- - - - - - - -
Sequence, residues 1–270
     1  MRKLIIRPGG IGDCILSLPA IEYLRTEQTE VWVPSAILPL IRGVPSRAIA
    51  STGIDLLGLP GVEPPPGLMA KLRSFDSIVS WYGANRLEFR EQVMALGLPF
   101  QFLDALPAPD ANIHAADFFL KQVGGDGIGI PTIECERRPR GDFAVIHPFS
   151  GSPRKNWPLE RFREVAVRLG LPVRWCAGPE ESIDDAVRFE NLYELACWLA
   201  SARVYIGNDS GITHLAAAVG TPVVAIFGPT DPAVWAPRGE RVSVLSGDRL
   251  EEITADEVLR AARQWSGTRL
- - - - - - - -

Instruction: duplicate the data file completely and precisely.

Sequence, residues 1–270
     1  MRKLIIRPGG IGDCILSLPA IEYLRTEQTE VWVPSAILPL IRGVPSRAIA
    51  STGIDLLGLP GVEPPPGLMA KLRSFDSIVS WYGANRLEFR EQVMALGLPF
   101  QFLDALPAPD ANIHAADFFL KQVGGDGIGI PTIECERRPR GDFAVIHPFS
   151  GSPRKNWPLE RFREVAVRLG LPVRWCAGPE ESIDDAVRFE NLYELACWLA
   201  SARVYIGNDS GITHLAAAVG TPVVAIFGPT DPAVWAPRGE RVSVLSGDRL
   251  EEITADEVLR AARQWSGTRL